I just stopped over to visit a friend in Italy for a few days and will then return to the good ol’ USA. Hey, come on—I’m pretty nearby and need to pack on an extra few before I return home so everyone believes the bit about the pregnancies. Anyhow, Malta was good to me. I realized that no matter where in the world I am, friends and strangers alike offer their kindness, learning experiences, and adventures within every walk of life. And how does one meet these people, you ask? I’ve found that networking, a term which I used to hate, has come in so very handy with meeting people—even people on the small island of Malta. As you should know by now, I simply love standing around in a fancy-schmancy atmoshphere, awkwardly “connecting” and noshing on awkward things like chips and dips, fondue, and hummus in order to explain to fellow unemployed people how we can pretend to be of use to each other. My remedy? I went out into the real world for mini sessions of “Coop’s Networking Nightz on the Streetz.” Here then are bits of these conversations so that you, the viewer, can understand how to network while abroad.


Street Scene 1: The donut truck man parked on the street

Man: You want some donuts?

Me: Hmm…well they do look pretty good…but I

Man: No, you really don’t look like you need them. You really don’t.

Me: Wha–


Street Scene 2: Inside a small corner shop

Random Maltese Woman: Hello–where are you from?

Me: I’m from the USA.

RMW: Oh, America! What do you think of our country?

Me: Well it’s very beautiful and many peope are friendly.

RMW: America is a big country, yes? And you people make lots of movies and are loud I think.

Me: Well yes, Malta is very tiny compared to America, and yes, we tend to be somewhat loud p—

Interrupting American: DO YOU HAVE ANY HEINEKEN 6 PACKS?

RMW: No, but we have Cisk. You know, Maltese beer.


Me: I’m sorry.

RMW: Don’t act all innocent. I’ve heard your cackle.


Street Scene 3: Along the promenade, speaking with a first-time scuba diving customer

Me: Hi there, and what do you do?

Guy: I’m a magician.

Me: Oh, awesome! You do stage magic or i—wait, how come I’m no longer wearing any clothes?


Street Scene 4: Walking on the streets of Gozo

Voice: (From behind. Husky-ish.) Hullo Kuh-thryn.


Same creepy old 4-foot-tall man: Hey there, hey, hi, hi you. We’re going to be all right. All right. Yeah.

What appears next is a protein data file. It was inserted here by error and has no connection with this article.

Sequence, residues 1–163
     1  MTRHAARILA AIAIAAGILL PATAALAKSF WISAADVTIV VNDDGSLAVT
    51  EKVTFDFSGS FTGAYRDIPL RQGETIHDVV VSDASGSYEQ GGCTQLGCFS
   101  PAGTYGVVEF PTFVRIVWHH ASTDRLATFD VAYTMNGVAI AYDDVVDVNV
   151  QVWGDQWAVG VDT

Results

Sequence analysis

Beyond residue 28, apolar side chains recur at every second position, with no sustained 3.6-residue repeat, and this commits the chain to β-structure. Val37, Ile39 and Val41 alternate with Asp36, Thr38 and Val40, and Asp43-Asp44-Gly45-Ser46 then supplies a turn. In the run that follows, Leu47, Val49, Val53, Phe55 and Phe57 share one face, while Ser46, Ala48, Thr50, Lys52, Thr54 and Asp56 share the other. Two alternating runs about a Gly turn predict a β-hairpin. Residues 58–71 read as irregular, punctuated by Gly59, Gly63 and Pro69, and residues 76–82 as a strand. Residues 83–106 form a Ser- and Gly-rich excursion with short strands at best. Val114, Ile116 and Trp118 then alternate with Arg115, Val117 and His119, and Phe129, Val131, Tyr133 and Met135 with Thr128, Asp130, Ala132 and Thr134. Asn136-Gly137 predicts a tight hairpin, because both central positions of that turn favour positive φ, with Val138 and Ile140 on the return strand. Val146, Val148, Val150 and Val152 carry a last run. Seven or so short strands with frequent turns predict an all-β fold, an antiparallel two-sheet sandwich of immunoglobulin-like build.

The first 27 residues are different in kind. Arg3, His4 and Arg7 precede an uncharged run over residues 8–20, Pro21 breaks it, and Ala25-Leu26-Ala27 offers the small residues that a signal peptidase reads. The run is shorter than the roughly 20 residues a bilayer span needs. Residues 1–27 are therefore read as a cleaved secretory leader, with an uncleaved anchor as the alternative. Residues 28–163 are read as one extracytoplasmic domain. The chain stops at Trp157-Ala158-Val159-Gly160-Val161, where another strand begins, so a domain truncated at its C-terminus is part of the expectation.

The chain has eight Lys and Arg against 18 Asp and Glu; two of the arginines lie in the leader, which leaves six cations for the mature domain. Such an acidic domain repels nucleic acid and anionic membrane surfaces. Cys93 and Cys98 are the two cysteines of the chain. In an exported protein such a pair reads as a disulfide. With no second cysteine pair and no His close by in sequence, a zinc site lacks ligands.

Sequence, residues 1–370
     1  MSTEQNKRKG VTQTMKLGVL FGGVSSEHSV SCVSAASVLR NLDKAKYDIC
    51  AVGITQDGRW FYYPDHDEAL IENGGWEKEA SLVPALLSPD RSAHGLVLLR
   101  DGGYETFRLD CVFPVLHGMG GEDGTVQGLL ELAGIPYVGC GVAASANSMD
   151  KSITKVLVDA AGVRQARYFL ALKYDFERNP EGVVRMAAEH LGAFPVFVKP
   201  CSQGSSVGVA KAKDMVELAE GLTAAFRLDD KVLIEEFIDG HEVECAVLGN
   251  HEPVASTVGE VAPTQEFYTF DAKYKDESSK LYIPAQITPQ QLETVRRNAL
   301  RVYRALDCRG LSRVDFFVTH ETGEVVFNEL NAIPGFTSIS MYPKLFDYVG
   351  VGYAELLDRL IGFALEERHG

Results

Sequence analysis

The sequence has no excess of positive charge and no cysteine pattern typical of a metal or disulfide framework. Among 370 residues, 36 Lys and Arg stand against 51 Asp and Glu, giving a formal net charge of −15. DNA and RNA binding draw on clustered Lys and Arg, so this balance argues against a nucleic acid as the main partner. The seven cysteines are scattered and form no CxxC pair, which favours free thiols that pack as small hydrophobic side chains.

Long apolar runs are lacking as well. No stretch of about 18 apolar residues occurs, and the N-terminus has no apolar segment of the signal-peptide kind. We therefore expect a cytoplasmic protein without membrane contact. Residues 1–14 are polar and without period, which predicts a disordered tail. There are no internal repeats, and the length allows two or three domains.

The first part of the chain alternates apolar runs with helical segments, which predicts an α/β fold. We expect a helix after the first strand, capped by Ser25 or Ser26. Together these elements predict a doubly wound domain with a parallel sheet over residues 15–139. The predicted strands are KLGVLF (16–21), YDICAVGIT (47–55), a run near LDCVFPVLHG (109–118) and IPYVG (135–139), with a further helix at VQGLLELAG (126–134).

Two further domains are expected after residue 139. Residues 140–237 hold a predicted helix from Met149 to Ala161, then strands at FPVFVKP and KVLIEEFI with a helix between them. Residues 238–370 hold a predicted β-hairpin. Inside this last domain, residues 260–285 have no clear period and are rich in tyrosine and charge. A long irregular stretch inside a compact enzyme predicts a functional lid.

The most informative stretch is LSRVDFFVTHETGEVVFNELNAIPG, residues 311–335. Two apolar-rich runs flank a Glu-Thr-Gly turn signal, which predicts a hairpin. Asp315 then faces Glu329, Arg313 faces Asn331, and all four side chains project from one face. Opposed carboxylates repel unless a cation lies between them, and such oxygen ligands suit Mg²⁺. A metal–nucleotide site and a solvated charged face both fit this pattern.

Me: (Audibly shudders)


Street Scene 5: Couple giving me a ride.

Couple: Are you on holiday here?

Me: No, I’m working here for a scuba diving guide on Malta & Gozo.

Couple: Very nice! We’re on vacation.

Me: (confused since they sound Maltese) From…?

Couple: From Floriana! (near the nation’s capital, approximately 30 minutes away)

Me: So you come here on vacation. Er, holiday.

Couple: Yes, when it’s the weekend or we need to relax, we come here.

Me: Ah. I see. Well that’s close by! Do you ever travel…abroad?

Couple: Sometimes we go to Gozo!

Me: Ah. Mhmm. What about…to other countries?

Couple: Our friend once took the ferry…to ITALY! Wow!

Me: And I thought Maltese peeps didn’t get out much!


Street Scene 6: On the street, innocently waiting for the bus

Random Nigerian Man: How are YOU?

Me: Uh, I’m fine, thanks.

RNM: My name is !Xobile. Are you married?

Me: Well you skipped over quite the courtship period, now didn’t you?

RNM: I would like to invite you to marry me and be my 6th wife.

Me: I’m flattered, really. Under more normal cir—

RNM: Boom! Married. 


I’ll be back in the U.S. in just a matter of days. I assume it’ll be the usual: Jet-lagged sleep; the eating of brownies, cookies, processed food, and cheap Chinese food; seeing friends; doctor’s appointment; enjoying consistent hot showers; not having folks stare; job hunting; and gchatting with my newest Nigerian prince. Until Italy and the end-of-the-year’s Best Of 2012 list, I’m out!




[Photos: Unedited goodies from the isands of Gozo and Northwestern Malta]


[click above to see multiple photos in one go]